In the examples, we were rounding to the tens, so we use the number in the ones place to round. Using 69, since 9 is greater than 5, we round up. In the case of 53, 3 is less than 5, so we round down.
Let’s apply this.
Example
128 Round to the nearest ten.
Look at the number. We are rounding to the tens, so we look at the ones place.
8, is greater than 5, so we round up to 130.
What does this have to do with estimating sums and differences?
Well, when we estimate a sum or a difference, if we round first, it is easier to add.
Example
We want to estimate this answer.
If we round each number first, we can use mental math to find our estimation.
58 rounds to 60
22 rounds to 20
Our estimate is 80.
Here is one with larger numbers.
Example
We want to estimate our answer by rounding to the nearest hundred.
387 rounds to 400
293 rounds to 300
Our estimate is 700.
This worked for addition. What about subtraction?
We can estimate differences by rounding too.
Example
We want to estimate this difference by rounding to the nearest ten.
56 rounds to 60
18 rounds to 20
Our estimate is 40.
We can estimate differences with larger numbers too.
Example
We want to estimate our difference by rounding to the nearest hundred.
990 rounds to 1000
211 rounds to 200
Our estimate is 800.
Here are a few problems for you to try on your own.
Take a few minutes to check your work with a peer.
II. Estimating Products and Quotients of Whole Numbers
We just finished estimating sums and differences. What about products and quotients?
Those are vocabulary words from the first lesson. Let’s review what they mean before we continue.
A product is the answer to a multiplication problem.
A quotient is the answer to a division problem.
How do we estimate a product?
We can estimate the product of a multiplication problem by rounding the factors that we are multiplying.
We use the same rounding rule as with sums and differences.
Example
Let’s estimate by rounding each factor to the nearest ten.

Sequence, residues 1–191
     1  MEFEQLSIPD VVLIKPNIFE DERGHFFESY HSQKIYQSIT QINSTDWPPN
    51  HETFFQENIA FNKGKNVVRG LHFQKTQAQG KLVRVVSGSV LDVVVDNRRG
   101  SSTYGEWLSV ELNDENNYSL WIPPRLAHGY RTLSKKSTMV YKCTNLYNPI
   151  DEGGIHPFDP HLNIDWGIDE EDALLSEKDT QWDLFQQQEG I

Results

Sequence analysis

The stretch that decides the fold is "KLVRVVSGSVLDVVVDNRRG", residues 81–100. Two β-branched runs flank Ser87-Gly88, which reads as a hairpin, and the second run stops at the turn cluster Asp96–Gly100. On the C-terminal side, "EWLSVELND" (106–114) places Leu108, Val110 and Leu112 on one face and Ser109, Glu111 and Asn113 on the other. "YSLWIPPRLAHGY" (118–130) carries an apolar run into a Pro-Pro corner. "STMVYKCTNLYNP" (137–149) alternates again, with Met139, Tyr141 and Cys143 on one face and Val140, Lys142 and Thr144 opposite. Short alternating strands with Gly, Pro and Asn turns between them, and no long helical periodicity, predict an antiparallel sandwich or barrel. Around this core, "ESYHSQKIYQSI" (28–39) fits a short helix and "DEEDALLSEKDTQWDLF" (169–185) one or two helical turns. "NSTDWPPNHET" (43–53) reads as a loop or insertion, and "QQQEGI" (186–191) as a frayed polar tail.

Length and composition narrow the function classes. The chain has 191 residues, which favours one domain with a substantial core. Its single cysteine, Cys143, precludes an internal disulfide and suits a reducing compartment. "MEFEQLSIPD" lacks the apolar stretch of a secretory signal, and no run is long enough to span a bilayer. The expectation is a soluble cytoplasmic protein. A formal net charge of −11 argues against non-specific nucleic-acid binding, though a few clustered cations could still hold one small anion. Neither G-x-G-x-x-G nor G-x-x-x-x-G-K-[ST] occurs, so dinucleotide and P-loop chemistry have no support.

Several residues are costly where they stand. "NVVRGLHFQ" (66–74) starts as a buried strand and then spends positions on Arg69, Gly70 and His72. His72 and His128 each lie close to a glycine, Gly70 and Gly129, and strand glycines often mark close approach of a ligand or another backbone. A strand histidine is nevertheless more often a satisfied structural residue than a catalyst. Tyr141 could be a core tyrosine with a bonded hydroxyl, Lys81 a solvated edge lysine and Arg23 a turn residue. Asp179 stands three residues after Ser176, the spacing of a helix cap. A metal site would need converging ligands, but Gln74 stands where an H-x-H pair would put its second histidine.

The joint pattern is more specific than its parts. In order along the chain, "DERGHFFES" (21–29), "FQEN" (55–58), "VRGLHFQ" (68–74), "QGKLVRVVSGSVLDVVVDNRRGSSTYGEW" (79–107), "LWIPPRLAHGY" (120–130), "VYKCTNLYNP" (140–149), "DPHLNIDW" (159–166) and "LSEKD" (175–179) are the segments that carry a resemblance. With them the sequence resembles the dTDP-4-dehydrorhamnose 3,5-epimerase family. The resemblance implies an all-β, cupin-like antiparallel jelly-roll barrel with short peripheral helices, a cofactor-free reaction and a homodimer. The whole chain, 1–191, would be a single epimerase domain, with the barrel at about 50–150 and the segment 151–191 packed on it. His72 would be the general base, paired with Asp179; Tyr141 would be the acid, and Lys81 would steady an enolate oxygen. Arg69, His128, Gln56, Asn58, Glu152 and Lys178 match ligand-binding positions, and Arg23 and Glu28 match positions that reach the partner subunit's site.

Our estimate is 200.
This may seem a little harder than adding and subtracting, but you should be able to use mental math to estimate each product.
We can estimate a quotient in the same way.
Example
Let’s estimate by rounding each value to the nearest ten.
Our estimate is 3.
Example
Let’s estimate by rounding each value to the nearest hundred.
Our estimate is 3.
Sometimes, when working with division, we need to find a compatible number, not just a rounded number.
What is a compatible number?
A compatible number is one that is easily divisible.
Let’s look at an example that uses compatible numbers.
Example
This one is tricky. Normally, we would round 2321 to 2300, but 2300 is not easily divisible by 8.
However, 2400 is easily divisible by 8 because 24 divided by 8 is 3.
2400 is a compatible number.
Let’s round and estimate.
Our estimate is 300.
Sometimes, it can be a little tricky figuring out whether you should round or use a compatible number. You have to do what you think makes the most sense.
Here are a few problems for you to try on your own.
Take a few minutes and check your work with a peer.
Did you catch the compatible numbers?
Real Life Example Completed
The Penguin Estimation
Now we can apply what we have learned about estimation to our real world problem.
Let’s go back to Sarah and Jonah having lunch.
Here is a review of the conversation that they had.
“Wow, what a morning. I had to figure out how much seafood to order for the seals. My whole morning has been solving problems. I thought I left math at school,” Jonah says, biting into his peanut butter sandwich.
“What’s so hard about that? I could figure out how much to order for the penguins without even using a piece of paper,” Sarah states.
“What! How can you do that?”